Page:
Best Age to Breed A New Corgi


Best Age to Breed A New Corgi

A Corgi is the small and chipper little dog with the pointy ears, right? Of course; so why wouldn’t we want more of these pups around? Breeding a new Corgi is a big deal, and is a known and common practice between novice and expert breeders.

So it’s important to know that you can breed a new Corgi when it’s around 2 years old. It tends to reach full maturity between 18 and 24 months, which gives it the look and muscular advantage to successfully having healthy pups.

Keep reading to find out why 2 years of age is the best time to start your Corgi’s breeding process.

The Best Age to Breed A Corgi (Male and Female)

Since their size and weight is small, both Corgi males and females are one of the smaller breeds of dogs to create and nurture life. With that being said, making sure that either gender of dog is at its peak physical condition is important for having a successful pregnancy.

The best age to begin breeding male Corgi is around 2 years old – give or take a deviation of 6 months. When it comes to males, you want to make sure that they are capable of producing the gametes necessary for pregnancy, which tends to occur around 24 months.

For female Corgis, the best age is between 18 and 24 months, or 1 ½ to 2 years old. They tend to mature faster than stud Corgis, so they are capable of accepting a mate sooner than a male stud.

Why is This The Best Age?

There are several reasons as to why waiting about 2 years to breed your Corgi is a good idea. For one, it gives them more than enough time to fully mature.

Let’s face it, dogs have their childhood too, and that’s their time to become an adult that is both physically and mentally capable of having pups.

In addition, it increases the chances of having a healthy pregnancy. A Corgi having pups before their physical prime can cause challenges during the breeding process, which could lead to unsuccessful results; so allowing the 2 years to flow by will be optimal for their overall physical health.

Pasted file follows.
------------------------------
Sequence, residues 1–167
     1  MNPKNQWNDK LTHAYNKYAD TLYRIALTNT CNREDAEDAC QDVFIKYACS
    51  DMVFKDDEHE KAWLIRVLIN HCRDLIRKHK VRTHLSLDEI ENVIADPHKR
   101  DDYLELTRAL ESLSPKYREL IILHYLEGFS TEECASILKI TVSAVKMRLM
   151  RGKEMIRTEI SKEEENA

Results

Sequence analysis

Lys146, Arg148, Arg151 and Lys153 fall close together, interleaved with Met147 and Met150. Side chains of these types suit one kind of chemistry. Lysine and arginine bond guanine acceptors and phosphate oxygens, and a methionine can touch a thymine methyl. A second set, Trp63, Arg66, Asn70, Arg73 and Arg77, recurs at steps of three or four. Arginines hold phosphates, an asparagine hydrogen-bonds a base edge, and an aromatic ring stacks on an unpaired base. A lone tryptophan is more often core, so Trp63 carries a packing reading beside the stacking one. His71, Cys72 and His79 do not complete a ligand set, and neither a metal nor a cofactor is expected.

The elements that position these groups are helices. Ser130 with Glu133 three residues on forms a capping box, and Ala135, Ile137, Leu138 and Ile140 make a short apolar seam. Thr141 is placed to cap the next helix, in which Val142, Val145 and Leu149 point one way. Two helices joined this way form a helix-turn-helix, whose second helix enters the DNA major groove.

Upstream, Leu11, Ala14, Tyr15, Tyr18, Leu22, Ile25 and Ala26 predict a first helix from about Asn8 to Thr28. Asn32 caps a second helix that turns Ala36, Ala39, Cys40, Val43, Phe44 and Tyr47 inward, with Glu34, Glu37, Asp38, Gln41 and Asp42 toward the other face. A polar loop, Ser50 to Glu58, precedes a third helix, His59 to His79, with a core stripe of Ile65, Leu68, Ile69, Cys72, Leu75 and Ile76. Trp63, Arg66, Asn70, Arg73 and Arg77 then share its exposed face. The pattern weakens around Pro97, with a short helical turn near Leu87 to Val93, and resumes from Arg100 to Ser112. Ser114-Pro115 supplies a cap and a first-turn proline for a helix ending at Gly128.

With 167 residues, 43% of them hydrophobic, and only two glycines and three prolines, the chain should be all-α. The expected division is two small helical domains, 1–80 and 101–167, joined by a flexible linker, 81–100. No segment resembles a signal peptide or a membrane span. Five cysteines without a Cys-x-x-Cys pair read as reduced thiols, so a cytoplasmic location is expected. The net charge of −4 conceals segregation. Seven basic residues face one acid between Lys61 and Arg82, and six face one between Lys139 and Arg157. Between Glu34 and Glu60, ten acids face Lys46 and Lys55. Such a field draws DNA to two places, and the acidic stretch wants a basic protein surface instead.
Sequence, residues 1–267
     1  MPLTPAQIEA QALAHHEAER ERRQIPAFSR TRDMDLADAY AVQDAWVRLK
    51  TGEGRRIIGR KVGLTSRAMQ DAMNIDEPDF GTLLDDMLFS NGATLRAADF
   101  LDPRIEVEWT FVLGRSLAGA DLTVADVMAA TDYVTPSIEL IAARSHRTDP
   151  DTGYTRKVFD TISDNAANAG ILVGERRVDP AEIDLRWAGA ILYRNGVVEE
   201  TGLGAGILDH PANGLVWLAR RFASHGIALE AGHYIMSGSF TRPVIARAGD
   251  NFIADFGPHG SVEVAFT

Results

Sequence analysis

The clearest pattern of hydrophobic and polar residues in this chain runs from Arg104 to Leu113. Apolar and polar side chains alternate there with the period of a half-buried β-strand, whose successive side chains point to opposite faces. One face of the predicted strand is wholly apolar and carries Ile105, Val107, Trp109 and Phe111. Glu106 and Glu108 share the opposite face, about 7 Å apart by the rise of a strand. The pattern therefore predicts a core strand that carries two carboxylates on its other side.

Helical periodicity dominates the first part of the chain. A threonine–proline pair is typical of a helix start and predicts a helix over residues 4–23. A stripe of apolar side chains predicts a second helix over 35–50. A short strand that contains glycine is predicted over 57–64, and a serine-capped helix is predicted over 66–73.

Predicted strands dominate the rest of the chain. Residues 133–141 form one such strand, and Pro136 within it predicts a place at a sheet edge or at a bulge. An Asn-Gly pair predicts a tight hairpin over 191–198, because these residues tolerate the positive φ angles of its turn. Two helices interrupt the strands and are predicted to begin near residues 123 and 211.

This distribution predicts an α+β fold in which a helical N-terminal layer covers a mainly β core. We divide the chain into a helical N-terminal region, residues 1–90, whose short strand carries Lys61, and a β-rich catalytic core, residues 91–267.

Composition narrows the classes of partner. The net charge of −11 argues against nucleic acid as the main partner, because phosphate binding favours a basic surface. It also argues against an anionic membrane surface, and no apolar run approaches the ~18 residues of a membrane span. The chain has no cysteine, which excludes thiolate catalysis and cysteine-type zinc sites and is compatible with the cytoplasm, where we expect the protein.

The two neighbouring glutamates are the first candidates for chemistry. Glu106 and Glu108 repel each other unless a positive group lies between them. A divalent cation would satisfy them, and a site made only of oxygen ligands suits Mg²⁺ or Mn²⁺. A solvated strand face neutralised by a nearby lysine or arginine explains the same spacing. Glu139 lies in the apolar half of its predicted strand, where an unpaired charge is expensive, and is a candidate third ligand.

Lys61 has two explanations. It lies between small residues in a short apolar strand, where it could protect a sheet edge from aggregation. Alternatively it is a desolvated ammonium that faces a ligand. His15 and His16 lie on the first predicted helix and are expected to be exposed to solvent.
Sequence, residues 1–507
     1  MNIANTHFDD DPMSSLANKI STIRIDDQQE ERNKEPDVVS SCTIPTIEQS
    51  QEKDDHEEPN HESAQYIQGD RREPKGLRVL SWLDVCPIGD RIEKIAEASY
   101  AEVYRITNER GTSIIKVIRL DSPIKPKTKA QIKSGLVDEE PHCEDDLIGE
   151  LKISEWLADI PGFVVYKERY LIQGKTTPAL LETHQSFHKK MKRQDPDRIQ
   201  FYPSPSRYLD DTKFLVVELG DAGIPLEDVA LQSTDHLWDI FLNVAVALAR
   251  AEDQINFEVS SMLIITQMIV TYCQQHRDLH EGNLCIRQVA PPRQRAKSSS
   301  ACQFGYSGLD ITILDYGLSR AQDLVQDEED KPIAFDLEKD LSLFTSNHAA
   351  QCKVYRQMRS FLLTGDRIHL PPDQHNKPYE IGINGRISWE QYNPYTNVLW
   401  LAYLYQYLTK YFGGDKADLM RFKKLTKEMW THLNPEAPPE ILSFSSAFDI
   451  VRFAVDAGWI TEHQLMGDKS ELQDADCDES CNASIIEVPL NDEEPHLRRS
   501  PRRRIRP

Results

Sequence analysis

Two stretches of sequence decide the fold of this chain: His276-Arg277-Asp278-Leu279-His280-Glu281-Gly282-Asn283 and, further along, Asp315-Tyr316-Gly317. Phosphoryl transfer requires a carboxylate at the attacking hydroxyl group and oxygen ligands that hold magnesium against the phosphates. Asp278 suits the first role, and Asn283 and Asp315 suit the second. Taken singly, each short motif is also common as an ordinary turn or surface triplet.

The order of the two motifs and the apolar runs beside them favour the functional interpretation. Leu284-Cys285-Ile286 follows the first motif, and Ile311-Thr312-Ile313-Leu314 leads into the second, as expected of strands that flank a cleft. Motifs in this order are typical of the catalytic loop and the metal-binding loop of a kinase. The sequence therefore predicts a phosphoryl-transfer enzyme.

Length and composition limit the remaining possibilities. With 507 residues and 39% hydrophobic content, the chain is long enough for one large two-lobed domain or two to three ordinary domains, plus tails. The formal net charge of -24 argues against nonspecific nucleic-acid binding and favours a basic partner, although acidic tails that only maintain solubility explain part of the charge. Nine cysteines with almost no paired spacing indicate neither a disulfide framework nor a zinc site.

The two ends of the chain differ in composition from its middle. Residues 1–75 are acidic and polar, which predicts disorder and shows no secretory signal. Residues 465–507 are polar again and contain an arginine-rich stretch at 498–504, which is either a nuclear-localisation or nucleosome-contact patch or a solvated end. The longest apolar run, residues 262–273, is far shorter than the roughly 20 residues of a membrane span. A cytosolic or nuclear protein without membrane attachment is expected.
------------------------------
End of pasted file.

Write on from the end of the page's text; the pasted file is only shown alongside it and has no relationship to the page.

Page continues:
Understanding the Heat Cycle of Your Corgi

Signs of the Heat Cycle

Comprehending the signs of your Corgis heat cycle initiating is a very subtle, yet obvious presentation. Once you see these signs, you’ll know that your Corgi is officially ready to begin the breeding process.

Check for these physical traits:

  • Elevated tail position
  • A swollen vulva
  • Light yellow or blood discharge from the vulva
  • Behavior resembling mounting
  • Excessive licking of their genital area
  • Frequent urination.

These signals are a fair indication that your Corgi is ready to mate and have pups; so if you are considering breeding yours, this is the best time.

How Long Is A Corgi In Heat?

You can expect your Corgi to be in heat for about 3 weeks to 1 month. It’s a full-on biological process that takes its course steadily and in order.

The first weeks present with smells, licking, and a lot of sniffing. The second to third week  is the bleeding phase where your Corgi’s vulva will begin to swell and present with discharge. In the 4 week is where things seem to level out, and coitus can occur in a healthy manner.

When is The Best Mating Day?

Well, there isn’t a particular day that’s best for creating new life, but there is an optimal time in which it should occur, and that is during the estrous phase, or the reproductive stage of a Corgi’s heat cycle.

This can be a pretty tricky time for both you and your Corgi because this is when your dog will really want to mate, and will do what she can to make it happen.

So if you’re considering bringing more corgis in this world, wait until you start seeing behavioral changes in your Corgi, then set up a nice date with her mate!

Things to Keep In Mind About Mating

Health Examination

In order for you Corgi to have the best chances for a healthy litter of pups, taking it to a professional veterinarian for a health examination before breeding it will behoove both you and your dog.

It will show whether or not your Corgi is fit to breed, or be bred. Also, it will present you with any underlying health issues, or future health concerns that could arise if breeding where to occur.